Next is The eggs

While Godzilla films did feature the 'son' of Godzilla This film approached the idea as more of the animal drive. His coming to New York was to find a suitable nesting site, Animal instinct had him hiding the eggs in a 'cavern' IE Madison square garden, Animal instinct drove him to collect food for his young. Another point stated very clearly in the film.

So why the heavy criticism?

Well I have a couple theories on that.

One is, fandom.

Yes fandom.

The fact is Godzilla as a property was incredibly popular before the film. heck why else would it have gotten the Hollywood green light? even in the 90's

But like how there was a huge outcry at the idea of Heath ledger as Joker, There was anger at a different Godzilla then what people knew. This was exacerbated by the fact that advertisement kept the look of the monster under wraps. so Unlike Heath who with announcements of his casting and trailers to give the audience time to settle and consider the idea. for Godzilla the audience had no time to stop and think 'hey this could be unique'

All the outcry happened in the theater. People told friends who told friends who told friends. with each telling making the film seem worse and worse.

Another reason is...

Yes there's some really stupid stuff in the movie.

I love the film don't get me wrong but there are parts where I'm like 'Please stop doing that your embarrassing me.'

The heavy TV star casting was one thing, as a kid it was a little distracting to hear the Simpsons characters in my monster movie. To hear Simba talking about Nuclear testing was... an odd experience.

Now I'm older there are even more TV actors I recognize making it stranger, not so much because of their background but because I feel as if their not giving a full performance. I really feel Broderik is the only one trying. well him and the red head paleontologist.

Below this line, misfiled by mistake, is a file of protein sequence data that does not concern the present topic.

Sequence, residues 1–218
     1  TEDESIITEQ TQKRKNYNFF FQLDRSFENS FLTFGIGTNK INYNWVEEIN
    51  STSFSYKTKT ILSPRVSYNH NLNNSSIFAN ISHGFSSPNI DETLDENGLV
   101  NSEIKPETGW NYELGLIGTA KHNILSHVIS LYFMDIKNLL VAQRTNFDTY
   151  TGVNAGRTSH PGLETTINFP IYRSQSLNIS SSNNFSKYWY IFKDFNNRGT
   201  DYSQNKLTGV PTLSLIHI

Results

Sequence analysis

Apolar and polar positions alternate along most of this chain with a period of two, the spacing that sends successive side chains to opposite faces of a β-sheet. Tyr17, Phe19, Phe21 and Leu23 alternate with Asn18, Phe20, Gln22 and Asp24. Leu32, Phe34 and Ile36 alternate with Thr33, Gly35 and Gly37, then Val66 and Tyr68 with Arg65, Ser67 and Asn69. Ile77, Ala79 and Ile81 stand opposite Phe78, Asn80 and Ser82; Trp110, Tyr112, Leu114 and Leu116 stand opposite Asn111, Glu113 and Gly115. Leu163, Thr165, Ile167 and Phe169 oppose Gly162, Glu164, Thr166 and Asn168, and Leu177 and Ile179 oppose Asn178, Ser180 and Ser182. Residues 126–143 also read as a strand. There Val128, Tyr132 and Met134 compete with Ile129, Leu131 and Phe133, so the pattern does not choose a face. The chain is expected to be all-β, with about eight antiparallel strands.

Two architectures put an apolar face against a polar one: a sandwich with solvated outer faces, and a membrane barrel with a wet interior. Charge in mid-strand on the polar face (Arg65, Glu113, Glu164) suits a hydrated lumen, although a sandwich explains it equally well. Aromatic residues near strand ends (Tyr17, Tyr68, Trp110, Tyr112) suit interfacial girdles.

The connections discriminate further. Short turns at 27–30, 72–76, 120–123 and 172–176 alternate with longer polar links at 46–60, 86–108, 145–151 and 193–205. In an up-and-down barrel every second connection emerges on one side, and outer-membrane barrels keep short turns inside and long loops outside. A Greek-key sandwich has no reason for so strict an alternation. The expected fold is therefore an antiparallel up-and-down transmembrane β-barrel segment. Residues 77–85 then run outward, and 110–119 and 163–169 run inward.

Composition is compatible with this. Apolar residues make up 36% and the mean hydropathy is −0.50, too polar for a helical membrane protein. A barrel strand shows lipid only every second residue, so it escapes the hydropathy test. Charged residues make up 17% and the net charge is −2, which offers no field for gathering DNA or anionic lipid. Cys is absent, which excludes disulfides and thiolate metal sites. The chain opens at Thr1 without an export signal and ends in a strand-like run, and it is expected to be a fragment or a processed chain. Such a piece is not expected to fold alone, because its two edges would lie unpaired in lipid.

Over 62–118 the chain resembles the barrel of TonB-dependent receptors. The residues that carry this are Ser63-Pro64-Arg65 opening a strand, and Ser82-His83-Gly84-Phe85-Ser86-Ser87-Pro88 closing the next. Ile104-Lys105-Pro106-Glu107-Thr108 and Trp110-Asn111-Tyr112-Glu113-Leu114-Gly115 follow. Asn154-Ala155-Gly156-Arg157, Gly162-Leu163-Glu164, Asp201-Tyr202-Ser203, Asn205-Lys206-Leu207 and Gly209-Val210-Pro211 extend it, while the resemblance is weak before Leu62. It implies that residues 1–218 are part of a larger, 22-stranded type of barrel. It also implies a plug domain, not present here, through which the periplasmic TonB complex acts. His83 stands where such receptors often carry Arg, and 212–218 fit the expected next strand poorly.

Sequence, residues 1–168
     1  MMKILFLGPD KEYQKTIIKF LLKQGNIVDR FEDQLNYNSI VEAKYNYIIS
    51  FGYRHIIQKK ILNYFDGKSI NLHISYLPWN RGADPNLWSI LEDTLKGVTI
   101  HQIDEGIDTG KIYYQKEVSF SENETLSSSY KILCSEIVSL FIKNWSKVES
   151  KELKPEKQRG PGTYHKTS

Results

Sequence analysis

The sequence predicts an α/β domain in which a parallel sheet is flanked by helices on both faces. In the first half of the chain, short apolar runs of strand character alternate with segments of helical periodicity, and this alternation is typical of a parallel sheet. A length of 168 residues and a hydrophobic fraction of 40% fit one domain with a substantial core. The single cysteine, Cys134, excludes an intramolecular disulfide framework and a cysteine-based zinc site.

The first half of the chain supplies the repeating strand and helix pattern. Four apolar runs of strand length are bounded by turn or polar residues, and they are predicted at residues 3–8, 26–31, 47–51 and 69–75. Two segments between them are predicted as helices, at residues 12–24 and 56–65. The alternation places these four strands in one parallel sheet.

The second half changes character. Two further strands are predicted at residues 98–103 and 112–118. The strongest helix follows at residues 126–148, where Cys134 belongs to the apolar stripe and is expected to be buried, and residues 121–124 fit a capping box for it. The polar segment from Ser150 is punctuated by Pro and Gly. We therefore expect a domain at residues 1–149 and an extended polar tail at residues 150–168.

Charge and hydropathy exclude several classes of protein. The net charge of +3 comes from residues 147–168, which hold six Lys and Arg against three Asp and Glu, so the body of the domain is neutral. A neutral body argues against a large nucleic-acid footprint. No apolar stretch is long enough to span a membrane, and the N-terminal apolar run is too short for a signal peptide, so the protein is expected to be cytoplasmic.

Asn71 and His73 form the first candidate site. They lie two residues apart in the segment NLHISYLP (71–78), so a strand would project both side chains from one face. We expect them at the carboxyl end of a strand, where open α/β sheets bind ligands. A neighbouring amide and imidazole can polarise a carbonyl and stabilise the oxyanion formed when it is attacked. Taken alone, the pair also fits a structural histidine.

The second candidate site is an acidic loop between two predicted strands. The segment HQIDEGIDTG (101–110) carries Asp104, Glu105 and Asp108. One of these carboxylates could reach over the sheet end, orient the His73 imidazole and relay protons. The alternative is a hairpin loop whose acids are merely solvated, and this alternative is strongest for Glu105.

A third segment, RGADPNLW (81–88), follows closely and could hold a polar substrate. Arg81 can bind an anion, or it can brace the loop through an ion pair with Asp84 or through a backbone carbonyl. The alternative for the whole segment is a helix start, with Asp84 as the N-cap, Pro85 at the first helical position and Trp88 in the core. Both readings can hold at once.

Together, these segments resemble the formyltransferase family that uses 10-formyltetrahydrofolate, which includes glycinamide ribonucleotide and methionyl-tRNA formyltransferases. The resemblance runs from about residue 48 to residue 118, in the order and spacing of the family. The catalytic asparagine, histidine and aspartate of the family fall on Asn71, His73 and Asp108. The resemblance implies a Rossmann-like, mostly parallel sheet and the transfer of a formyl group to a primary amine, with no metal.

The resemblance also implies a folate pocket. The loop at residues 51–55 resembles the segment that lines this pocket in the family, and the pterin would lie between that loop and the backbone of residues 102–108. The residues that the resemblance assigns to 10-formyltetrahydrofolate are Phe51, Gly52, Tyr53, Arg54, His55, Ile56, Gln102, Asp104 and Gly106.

Then there's a few odd plot holes such as

Uh seriously How deep is the River? no like really how deep is that river and how wide? cause in that scene with the military grade submarines, there's no bottom and no edge until the part where Zilla tried to escape and then Boom river wall...

How does a lighter help a traumatized, elderly, Japanese man help to understand a french man speaking English?

how did Zilla get that big in the first place with no one noticing?

So yeah there are some hiccups, suspension of disbelief is one thing but yes even I admit there's some bit that make your brain hurt if you think about them to hard.

But there's good parts as well.

I like the idea of the french secret service getting involved. Jean Reno has a line where he says he's a patriot who loves his country and wants to protect it, I love that line and the meaning behind it.

There's the adorable Nick whose Still Loves Audrey but yes admits he's hurt by what she did.

And then of course there's just Jean Reno... I mean, really Need I say more?

(It is noted that the writer of this review is a woman with a healthy 'appreciation' for mature actors who excel in their craft)

There's Audreys friends 'Animal' and his wife Lucy, who though their history isn't given much You really get the feeling they've been close for a long time and possibly helped Audrey when she first got to New York.

Audrey takes responsibility for what she did and goes with Animal to help Nick. (though seriously who goes to a dangerous area wearing heels? woman that is not a situation where you need to have your legs looking sexy and long with the help of heels.)

Over all I find that With all the different things tossed in a pot The Godzilla Film, while yes is not something one would consider canon in the Godzilla universe (Until Toho picked it up and made it one)

I still find the movie thoroughly enjoyable, from it's camp moments, to some really fantastic lines, to some of the subtitles I don't think people noticed because they where watching other things or had different expectations.

I Rate Godzilla as an 8.8 for being enjoyably different and for just being a simple but strangely subtle Action movie... with monsters and science.

Jibril, Signing off